Speed, endurance and luck all played major roles in the always intense battle for the GT2 crown at this year's edition of the 24 Hours of Le Mans. Although the name of Porsche often plays a role, this year the 911 GT3 RSR of Felbermayr-Proton...
Speed, endurance and luck all played major roles in the always intense battle for the GT2 crown at this year's edition of the 24 Hours of Le Mans. Although the name of Porsche often plays a role, this year the 911 GT3 RSR of Felbermayr-Proton pulled off an upset by replacing the Risi Competizione Ferrari on the top step of the podium.
After Risi faltered with gearbox trouble, it appeared Corvette Racing's debut in the GT2 class would end the Ferrari reign. But engine failure and prototype traffic knocked askew the Corvette ambitions. That left the Felbermayr-Proton team's Porsche factory driver line-up of Marc Lieb, Wolf Henzler and Richard Lietz to pick up the pieces and the winner's trophy.
Not quite as quick, the Felbermayr entry was roughly a half-second off the pace of the Risi machine and the No. 64 Corvette. But other than changing brake pads, the No. 77 Porsche ran trouble-free, spending 38 minutes in the pits over the course of 24 hours.
"We couldn't realize the speed of the Ferrari and Corvette," said Henzler. "They pushed really hard from the beginning. We said 'OK. The only thing we can do is run our race and stay out of trouble."
As it was, the GT2 winners finished seven laps ahead of the GT1 winners. "It's nice to finish ahead of all the GT cars, but our goal was to beat the GT2 cars," said Lieb of the intense competition the production-based class has invoked.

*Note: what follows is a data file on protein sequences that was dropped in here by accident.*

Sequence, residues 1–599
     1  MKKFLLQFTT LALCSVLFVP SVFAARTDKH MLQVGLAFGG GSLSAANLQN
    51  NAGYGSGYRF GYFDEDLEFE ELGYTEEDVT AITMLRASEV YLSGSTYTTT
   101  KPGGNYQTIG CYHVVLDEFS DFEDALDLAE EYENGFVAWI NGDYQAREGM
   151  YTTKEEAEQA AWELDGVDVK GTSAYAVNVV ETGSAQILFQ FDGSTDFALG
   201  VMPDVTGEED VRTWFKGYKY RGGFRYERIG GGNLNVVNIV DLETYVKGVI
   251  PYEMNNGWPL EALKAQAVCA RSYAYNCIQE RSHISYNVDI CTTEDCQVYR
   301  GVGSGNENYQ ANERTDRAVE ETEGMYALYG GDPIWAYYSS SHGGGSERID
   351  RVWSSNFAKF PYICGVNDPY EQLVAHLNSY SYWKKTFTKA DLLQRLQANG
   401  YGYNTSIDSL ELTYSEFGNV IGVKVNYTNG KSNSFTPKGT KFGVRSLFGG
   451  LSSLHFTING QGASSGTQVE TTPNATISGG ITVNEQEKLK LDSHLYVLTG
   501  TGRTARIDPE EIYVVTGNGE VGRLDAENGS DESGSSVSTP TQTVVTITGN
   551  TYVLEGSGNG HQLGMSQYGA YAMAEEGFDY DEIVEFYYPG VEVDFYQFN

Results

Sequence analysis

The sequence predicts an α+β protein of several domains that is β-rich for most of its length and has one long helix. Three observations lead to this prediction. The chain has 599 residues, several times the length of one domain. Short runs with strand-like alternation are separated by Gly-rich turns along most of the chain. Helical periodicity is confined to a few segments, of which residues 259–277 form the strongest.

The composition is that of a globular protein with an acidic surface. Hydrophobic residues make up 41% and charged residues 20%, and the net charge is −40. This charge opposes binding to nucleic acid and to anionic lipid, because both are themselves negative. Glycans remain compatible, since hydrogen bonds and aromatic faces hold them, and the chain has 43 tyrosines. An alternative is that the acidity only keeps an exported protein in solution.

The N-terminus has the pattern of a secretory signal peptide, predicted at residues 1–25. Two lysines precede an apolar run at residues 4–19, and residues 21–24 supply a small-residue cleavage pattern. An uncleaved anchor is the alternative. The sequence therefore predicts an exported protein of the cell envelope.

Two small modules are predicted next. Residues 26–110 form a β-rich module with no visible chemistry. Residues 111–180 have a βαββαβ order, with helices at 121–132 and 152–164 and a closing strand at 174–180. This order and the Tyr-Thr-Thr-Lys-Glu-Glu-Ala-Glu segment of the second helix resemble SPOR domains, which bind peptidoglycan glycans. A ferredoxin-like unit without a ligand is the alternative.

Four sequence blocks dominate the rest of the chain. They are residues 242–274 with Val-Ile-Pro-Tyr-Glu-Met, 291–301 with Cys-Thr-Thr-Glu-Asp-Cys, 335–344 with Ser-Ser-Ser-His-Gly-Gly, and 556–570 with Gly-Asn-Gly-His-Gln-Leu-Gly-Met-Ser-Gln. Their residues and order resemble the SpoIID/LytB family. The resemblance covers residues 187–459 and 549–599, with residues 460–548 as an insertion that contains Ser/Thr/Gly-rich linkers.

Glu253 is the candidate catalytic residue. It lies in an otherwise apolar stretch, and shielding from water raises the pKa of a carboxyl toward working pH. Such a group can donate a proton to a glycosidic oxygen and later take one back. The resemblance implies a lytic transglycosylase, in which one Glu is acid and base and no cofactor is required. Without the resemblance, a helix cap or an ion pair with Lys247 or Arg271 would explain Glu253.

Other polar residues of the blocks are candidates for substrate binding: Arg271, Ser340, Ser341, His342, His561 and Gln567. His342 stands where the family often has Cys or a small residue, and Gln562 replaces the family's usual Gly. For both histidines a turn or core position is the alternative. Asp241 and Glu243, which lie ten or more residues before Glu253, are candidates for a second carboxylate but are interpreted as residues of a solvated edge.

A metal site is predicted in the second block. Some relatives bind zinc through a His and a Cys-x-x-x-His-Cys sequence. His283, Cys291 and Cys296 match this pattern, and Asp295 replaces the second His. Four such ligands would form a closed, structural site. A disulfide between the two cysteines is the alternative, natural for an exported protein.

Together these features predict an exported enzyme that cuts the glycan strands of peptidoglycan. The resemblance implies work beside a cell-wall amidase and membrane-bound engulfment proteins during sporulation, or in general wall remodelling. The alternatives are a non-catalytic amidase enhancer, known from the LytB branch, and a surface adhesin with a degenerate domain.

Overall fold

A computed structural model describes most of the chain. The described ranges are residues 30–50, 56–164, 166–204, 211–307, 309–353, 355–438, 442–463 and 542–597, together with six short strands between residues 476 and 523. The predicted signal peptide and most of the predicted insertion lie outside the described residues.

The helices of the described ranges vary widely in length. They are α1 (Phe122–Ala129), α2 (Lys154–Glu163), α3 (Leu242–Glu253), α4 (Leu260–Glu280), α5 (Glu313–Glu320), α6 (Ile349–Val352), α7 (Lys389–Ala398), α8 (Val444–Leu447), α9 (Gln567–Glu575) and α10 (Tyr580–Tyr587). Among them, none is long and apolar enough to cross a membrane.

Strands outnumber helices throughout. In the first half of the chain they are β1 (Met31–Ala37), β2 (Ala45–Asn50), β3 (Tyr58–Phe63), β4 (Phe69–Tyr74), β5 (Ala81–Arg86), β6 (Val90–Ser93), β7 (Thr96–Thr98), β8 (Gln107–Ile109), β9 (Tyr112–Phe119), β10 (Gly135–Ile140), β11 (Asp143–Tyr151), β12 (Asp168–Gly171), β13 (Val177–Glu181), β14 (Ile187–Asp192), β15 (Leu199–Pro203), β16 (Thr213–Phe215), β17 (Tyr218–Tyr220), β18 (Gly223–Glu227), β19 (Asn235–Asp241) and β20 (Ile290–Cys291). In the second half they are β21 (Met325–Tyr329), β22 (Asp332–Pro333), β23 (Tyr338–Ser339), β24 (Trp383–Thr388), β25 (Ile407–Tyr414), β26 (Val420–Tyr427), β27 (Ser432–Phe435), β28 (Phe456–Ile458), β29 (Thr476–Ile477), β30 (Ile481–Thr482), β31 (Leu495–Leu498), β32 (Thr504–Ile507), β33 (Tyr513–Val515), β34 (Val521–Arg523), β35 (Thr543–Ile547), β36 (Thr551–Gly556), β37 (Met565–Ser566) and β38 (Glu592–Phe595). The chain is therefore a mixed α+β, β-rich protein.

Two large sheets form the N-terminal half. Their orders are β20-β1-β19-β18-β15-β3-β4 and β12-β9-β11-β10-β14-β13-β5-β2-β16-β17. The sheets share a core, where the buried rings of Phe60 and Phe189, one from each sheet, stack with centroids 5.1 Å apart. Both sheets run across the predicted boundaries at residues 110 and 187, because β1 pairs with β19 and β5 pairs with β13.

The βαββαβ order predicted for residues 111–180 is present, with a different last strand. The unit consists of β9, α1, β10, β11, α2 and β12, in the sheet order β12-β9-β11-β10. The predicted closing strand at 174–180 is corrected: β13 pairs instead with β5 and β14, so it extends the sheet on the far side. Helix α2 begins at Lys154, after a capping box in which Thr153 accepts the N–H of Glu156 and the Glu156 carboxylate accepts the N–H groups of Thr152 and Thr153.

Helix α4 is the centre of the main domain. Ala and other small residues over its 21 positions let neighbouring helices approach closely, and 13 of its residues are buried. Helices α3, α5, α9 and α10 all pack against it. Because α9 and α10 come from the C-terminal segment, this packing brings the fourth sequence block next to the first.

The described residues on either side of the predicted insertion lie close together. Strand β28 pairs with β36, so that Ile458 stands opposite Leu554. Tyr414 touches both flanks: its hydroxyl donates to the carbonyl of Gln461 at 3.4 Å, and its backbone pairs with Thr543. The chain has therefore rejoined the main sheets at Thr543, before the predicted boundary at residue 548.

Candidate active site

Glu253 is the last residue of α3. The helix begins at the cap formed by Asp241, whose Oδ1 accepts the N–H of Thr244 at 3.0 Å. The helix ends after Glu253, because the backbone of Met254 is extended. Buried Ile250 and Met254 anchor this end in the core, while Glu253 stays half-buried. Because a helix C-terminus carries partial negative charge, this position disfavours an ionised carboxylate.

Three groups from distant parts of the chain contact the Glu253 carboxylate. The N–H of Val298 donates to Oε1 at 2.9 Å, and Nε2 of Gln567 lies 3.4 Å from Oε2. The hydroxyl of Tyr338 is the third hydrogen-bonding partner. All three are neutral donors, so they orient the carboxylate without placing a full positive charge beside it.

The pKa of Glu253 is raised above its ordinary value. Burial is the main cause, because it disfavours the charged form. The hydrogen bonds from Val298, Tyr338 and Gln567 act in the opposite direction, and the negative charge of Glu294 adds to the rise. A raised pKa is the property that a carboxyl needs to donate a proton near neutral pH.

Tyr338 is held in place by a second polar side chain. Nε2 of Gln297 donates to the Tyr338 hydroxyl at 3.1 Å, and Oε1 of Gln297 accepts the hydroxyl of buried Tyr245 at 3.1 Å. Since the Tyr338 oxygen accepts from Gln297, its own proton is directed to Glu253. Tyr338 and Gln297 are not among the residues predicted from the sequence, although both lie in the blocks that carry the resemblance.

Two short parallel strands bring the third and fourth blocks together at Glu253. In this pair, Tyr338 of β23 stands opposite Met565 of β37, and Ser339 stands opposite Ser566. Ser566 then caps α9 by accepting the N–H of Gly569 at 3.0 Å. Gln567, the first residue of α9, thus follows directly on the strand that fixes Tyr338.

The bad luck belonged to the No. 64 Corvette, which had its drivers raving about its handling all weekend. A close dice with the Risi car ended with the latter's gearbox problems. But in the 18th hour, Emmanuel Collard was squeezed into the low-traction tarmac off the line in the Porsche Curves during Anthony Davidson's comeback effort in the No. 1 Peugeot.
The subsequent damage to the rear end cost 32 minutes to fix and then the engine gave way -- the same ending as for the No. 63.
Braking problems took the "two-star" Ferrari of AF Corse SRL out of second place and into fourth. After the right front brakes gave way, Giancarlo Fisichella went down an escape road fast enough to damage the front end of the 430 GTC upon impact with a tire wall. Co-drivers Jean Alesi and the lesser known Tony Vilander helped recover sufficiently over the final five hours to come home fourth. The BMS Scuderia Italia SPA team took the third step on the podium.
The Corvettes' problems and the braking issues at AF Corse elevated the Hankook Team Farnbacher Ferrari GTC into second place. Using the same strategy of consistent lap times that brought the team a surprising second place in the Nurburgring 24-hour, Horst Farnbacher's approach worked out again for drivers Dominik Farnbacher, Leh Keen and Allan Simonsen. The only hiccups were in practice when a problem with the gearbox cluster prevented the team from making the most of the initial four-hour practice session on Wednesday. As it was, the Hancook-shod Ferrari was one of the few GT2 entries that failed to break the four-minute mark on the 8.47-mile Sarthe circuit.
"After the Nurburgring I knew we could do the same thing here," said Keen. "I was pretty confidant. It didn't surprise me in the morning that so many guys had dropped out because they were pushing so hard."
In its swan song, the Larbre Competition's first-place Saleen S7R claimed a victory in its final endurance race, albeit eight and six laps, respectively, behind the first two GT2 cars. The fastest lap of the car shared by Gabriele Gardel, Roland Berville and Julien Canal was three seconds quicker than the GT2 front runners, indicative of the consistentcy of the GT2 cars and their better fuel mileage.
The Corvette of Luc Alphand Adventures and the Young Driver AMR Aston Martin DBR9 took the other two GT1 grid positions.
See also: Audi takes 9th Le Mans win with 1-2-3